Tastemakers: Haylie Duff Gets Real in the Kitchen

Michael Logan
Citizen Pictures/Cooking Channel

The Real Girl's Kitchen

One day, actress Haylie Duff was bored on a film set and started a blog with a recipe for turkey meatballs. A cookbook followed. Then came her own food show, The Real Girl's Kitchen, which begins its second season on Cooking Channel April 25. Duff takes this stuff very seriously, in a Lucy Ricardo sort of way.

Your show is informative yet goofy and surprisingly epic. What's with the cast of thousands?

I have a lot of friends! This is a very aggressive program–lots of locations and crazy adventures, made extra interesting because I'm pregnant throughout the new season. There's a date-night episode coming up where a friend of mine–one of those guys whose idea of cooking is drinking beer and ordering takeout–lies to this girl and claims he's a great cook. So there I am in the kitchen, secretly making their romantic meal and trying my best to hide.

Are your pals starting to get competitive?

The men, especially. I'll get a text saying, "Hey, I hear you made brisket on your show. How come I was on the vegetarian episode?" And I really hear about it when we do something decadent. "Why did I have to make a salad, then I find out you did a beach party episode with lobster?" You can't win.

Your own start as a cook was a bit rough, wasn't it?

I'm no chef. I'm a self-taught home cook who started out making lots of mistakes and destroying three different microwaves. My mother says I can't follow directions–in life or in the kitchen. So that means I am a disaster at baking. But I intend to conquer it. [Laughs] Maybe in season 3?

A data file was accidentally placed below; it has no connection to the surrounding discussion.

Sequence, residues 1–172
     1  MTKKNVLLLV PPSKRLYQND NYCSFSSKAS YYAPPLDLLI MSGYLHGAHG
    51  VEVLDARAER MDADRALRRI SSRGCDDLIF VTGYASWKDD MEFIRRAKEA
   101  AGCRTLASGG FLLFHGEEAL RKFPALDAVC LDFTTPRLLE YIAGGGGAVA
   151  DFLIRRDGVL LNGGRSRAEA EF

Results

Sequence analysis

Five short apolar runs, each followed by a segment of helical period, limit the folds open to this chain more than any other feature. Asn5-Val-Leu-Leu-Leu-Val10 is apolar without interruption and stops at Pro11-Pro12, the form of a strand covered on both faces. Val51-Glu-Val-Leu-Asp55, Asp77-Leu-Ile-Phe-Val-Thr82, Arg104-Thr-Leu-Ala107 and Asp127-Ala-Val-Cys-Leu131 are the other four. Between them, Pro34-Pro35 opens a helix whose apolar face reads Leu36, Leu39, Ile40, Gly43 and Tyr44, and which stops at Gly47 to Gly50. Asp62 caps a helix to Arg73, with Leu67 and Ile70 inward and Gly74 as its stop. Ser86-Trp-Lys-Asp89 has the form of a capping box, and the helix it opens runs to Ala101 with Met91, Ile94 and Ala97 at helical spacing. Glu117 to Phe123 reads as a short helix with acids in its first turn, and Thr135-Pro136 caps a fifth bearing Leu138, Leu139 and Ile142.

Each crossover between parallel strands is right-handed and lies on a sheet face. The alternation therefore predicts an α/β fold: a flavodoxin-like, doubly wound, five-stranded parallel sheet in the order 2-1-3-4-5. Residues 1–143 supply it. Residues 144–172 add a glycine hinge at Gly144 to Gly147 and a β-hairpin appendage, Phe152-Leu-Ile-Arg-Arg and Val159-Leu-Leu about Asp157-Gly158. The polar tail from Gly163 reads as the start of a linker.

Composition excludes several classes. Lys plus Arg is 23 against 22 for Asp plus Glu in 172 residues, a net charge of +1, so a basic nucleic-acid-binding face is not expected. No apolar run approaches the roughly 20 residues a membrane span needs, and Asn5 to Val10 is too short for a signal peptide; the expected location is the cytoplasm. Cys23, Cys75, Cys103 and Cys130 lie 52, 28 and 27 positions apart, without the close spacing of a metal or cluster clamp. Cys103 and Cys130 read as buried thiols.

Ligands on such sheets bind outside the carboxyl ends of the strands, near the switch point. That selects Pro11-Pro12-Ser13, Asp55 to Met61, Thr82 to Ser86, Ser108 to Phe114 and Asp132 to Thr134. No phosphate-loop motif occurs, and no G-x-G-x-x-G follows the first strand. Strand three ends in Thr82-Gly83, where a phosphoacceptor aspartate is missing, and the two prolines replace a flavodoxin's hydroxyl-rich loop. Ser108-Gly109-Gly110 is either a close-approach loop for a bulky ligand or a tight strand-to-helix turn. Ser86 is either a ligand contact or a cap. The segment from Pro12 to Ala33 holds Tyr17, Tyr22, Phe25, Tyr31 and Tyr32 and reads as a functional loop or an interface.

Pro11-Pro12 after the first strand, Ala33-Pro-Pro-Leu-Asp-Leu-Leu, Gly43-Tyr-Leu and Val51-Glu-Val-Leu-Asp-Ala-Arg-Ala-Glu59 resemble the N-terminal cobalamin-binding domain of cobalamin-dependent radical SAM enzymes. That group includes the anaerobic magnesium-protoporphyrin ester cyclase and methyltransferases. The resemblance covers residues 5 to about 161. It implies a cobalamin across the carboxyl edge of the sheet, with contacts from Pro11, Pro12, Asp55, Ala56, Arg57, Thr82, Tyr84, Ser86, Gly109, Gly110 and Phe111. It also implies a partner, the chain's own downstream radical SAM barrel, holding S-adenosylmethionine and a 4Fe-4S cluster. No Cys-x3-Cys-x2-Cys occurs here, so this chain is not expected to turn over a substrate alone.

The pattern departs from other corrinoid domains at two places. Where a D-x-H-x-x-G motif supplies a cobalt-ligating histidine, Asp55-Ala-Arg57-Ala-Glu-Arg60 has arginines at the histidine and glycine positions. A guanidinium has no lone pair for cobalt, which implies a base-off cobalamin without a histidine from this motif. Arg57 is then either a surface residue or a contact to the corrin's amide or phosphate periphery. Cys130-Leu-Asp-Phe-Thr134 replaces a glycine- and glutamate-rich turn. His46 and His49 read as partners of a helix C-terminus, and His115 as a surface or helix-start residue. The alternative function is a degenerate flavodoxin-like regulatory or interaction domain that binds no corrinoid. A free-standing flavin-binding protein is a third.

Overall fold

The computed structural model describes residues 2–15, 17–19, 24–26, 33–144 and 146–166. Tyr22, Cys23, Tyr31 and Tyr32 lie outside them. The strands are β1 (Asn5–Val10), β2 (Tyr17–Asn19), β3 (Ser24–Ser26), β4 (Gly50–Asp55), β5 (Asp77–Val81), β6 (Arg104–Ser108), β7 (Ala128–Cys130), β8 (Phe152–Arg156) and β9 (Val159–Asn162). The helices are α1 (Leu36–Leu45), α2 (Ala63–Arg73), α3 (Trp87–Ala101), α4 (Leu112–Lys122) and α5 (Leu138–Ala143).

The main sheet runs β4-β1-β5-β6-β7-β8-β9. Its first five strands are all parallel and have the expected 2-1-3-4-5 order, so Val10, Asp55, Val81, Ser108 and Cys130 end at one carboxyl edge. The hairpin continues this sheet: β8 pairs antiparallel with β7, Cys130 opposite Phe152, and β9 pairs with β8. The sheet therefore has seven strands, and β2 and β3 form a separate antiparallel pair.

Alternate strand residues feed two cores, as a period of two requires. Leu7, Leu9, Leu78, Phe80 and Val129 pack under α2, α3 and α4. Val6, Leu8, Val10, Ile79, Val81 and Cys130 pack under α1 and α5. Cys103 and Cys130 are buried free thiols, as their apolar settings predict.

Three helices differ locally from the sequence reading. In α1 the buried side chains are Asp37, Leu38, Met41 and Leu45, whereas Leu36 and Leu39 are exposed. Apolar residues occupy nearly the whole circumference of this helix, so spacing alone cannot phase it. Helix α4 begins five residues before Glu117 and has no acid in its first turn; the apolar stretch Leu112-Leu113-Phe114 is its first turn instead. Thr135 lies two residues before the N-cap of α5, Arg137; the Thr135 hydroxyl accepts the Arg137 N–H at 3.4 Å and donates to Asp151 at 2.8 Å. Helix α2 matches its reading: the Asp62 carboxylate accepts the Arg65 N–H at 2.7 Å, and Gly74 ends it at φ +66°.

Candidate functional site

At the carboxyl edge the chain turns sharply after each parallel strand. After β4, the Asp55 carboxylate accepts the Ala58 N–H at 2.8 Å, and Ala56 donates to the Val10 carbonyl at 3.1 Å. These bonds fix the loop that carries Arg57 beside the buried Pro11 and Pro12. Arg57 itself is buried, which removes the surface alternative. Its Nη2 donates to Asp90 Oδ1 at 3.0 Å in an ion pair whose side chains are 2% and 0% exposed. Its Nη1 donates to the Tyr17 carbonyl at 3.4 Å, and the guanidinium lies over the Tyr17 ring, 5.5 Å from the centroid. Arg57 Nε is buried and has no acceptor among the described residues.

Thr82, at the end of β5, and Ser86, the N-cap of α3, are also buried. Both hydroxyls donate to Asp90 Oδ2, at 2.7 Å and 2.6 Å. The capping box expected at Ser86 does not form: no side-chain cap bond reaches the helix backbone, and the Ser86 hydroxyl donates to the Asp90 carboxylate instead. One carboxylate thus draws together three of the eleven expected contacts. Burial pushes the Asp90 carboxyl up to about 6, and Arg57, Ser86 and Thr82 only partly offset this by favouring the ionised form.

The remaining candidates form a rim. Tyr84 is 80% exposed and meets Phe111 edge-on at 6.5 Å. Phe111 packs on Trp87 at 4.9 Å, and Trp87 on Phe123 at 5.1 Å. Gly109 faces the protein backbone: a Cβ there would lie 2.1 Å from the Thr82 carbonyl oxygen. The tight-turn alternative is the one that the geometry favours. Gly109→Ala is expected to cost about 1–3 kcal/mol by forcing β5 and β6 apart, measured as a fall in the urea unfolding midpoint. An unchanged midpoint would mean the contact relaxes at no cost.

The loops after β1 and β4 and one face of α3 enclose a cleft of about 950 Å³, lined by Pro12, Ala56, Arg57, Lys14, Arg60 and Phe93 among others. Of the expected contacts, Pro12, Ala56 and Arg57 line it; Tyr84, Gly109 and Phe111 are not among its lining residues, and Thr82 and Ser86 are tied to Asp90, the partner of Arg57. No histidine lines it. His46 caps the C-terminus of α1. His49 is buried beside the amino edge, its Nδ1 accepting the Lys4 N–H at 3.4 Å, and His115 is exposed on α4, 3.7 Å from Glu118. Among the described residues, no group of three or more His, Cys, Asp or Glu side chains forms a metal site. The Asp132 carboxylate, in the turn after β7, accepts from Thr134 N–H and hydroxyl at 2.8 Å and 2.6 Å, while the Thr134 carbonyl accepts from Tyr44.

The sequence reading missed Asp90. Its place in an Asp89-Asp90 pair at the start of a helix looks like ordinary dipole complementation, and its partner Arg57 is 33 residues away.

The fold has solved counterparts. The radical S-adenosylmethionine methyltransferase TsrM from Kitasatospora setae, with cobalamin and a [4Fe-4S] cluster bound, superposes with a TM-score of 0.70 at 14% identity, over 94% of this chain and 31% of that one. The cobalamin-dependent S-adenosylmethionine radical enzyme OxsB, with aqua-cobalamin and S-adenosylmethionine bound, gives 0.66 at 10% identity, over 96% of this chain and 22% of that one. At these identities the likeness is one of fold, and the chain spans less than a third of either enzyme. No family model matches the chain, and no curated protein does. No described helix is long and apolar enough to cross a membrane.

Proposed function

What in your mind is a "real girl"?

Someone with a zest and passion for life who doesn't put pressure on herself, someone who is comfy in her own skin. That's me, and I want to connect with other people who feel the same. The greatest compliment I can get–the one that makes me cry–is "When I watch your show, I feel like we're friends."


Berry Good

"This is the most amazing combo of sweet and salty," Duff says. "It's simple yet elegant, and so gorgeous on a plate."

Dreamstime (2)

RUSTIC STRAWBERRY JAM CROSTINI

Serves 8

Jam Ingredients
1 pound strawberries, hulled and halved
1/2 cup sugar
Juice of 1/2 orange
Zest of 1/2 lemon
1/2 teaspoon sea salt

Crostini
1 stick unsalted butter, at room temperature
2 tablespoons honey
1 baguette, sliced thick on the bias

Instructions
Place all jam ingredients in a saucepan and bring to a boil. Reduce heat to low and stir frequently, so the jam doesn't stick to the pan, for 20 to 30 minutes, until the mixture thickens. Let cool. For the crostini, mix butter and honey until combined. Spread the mixture on both sides of the baguette slices. On a hot skillet, toast both sides of the bread until golden brown. Top the warm bread with the jam.

The Real Girl's Kitchen, Season premiere: Saturday, April 25, 1/noon c, Cooking Channel

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